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Summary: Understanding how to discipline a child requires a lot of wisdom, sometimes more than you feel like you possess. Discover how to discipline with greater wisdom.

Discipline Is Challenging to Navigate

Understanding how to discipline a child requires a lot of wisdom, sometimes more than you feel like you possess. If you are too harsh, you could end up intimidating your children emotionally and thus hijacking their ability to learn through the discipline. But on the other hand, if you are too lenient, you may risk removing the guardrails that provide boundaries and protection for your children in the present and down the road.

You may also be intimidated by the idea that your children’s view of their heavenly Father is directly influenced by their biological father; how you discipline them has the power to either drive them away from or closer to God. A harsh biological father can generate imagery of a harsh heavenly Father—even though this is uncharacteristic of God. On the other hand, a compassionate biological father can draw attention to the compassion and love of the heavenly Father. Regardless, you steward something so special when you are given children, and stewardship requires the use of discipline. And your interactions with your children in the heat of this discipline need to reflect the character and person of Christ.

As the apostle Paul reminds families in the Ephesian church, there is a promise attached to obeying and honoring your father and mother: “that it may go well with you and that you may live long in the land.” As Paul invites attention to the Law given on Mt. Sinai, he is reminding us of God’s intended promises for children who learn how to honor and obey their parents in the Lord. This is important not only for children to remember but for parents to understand. Children must “learn” (the operative word) to honor and obey God, and it is not a natural instinct.

Disobedience and dishonor come naturally; therefore, we must learn to honor and obey all authority in life (work and government included). And we learn to do this first in our home. In fact, how we honor and obey our parents will be reflected in how we honor and obey others in life. Generally, those who have not learned to do so at home may be challenged throughout their lives when faced with boundaries in other areas. Learned discipline as a child leads to better self-discipline in the future. And it all begins at home, with you as the father. It all starts with parents who wisely and lovingly establish boundaries with their children and, when necessary, help them stay within those boundaries through discipline. Teach your children to honor and obey within limits set by you at different stages of their lives; this has a lifelong impact.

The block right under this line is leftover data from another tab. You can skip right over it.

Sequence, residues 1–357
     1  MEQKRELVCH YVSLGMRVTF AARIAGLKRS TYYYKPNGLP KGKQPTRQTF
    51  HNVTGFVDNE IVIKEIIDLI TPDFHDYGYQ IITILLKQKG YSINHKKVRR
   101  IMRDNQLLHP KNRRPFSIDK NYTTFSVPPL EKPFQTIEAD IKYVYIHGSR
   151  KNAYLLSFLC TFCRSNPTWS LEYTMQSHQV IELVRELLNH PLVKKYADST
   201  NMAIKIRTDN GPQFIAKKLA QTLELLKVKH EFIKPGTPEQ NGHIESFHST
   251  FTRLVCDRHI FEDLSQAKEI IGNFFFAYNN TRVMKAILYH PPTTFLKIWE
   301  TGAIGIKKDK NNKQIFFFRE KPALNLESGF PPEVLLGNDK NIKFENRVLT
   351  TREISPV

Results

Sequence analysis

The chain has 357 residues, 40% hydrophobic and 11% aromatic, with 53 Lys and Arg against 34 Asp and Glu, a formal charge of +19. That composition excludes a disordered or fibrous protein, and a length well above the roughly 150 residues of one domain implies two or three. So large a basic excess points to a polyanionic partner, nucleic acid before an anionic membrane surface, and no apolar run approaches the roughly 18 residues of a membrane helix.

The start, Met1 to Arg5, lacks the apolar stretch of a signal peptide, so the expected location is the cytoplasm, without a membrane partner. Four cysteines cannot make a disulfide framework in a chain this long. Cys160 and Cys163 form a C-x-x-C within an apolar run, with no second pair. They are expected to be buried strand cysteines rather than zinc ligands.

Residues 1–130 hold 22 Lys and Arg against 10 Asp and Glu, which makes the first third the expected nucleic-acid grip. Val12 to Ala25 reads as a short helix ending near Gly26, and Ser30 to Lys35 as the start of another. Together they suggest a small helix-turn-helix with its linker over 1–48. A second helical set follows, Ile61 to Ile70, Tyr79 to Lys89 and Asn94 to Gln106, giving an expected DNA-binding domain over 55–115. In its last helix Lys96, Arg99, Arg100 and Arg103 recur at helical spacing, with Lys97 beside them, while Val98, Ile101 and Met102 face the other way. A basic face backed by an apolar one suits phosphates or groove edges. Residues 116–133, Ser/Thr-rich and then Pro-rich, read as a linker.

The need for discipline that teaches honor and obedience is balanced by Paul’s admonition to fathers, “Do not provoke your children to anger.” In other words, be careful not to annoy and irritate your child unduly. The word provoke means to be overly “rough.” There are many things we can do to provoke children when disciplining them. Here are a few:

1) Perpetual fault finding

2) Excessive helicopter parenting

3) Setting unrealistic expectations

4) Playing favorites when disciplining

5) Inconsistency in applying discipline

6) Excessive punishment

Remember, the goal is honor and obedience. Honor means “to hold in high regard.” And obedience means “to teach submission to authority.” But the key to remember is that Paul teaches us that this should be done “in the Lord” and “of the Lord.” Honor and obedience in the home should reflect the honor and obedience that God wants of all His children—including us fathers as God’s children ourselves.

Five Principles to Discipline Wisely

One | Set boundaries

First, set clear limits for your child. Being disciplined for crossing a border that a child was not clear on is unfair to them. And your child is going to be hypersensitive to this unfair lack of clarity. Make sure your boundaries are communicated, clear, consistent, and not oppressive.

Two | Match discipline to the infraction

Second, make sure when discipline is necessary it matches the extent of the offense. Nothing is more irritating to a child than the perception that their discipline is unbalanced. Kids have a keen sense of fairness, and if the punishment exceeds the impact of the infraction, they will fixate on the irrationality of the sentence, rather than the reason for the punishment.

Three | Make it age and child appropriate

Third, discipline should be age and child appropriate. If it’s not, you run the risk of damaging their sense of dignity and souring their spirit. Even in discipline, you should respect and guard and even elevate their personhood. Since different kids have different wiring, you may also want to think through what discipline will be most meaningful to them.

Four | Deliver it when calm

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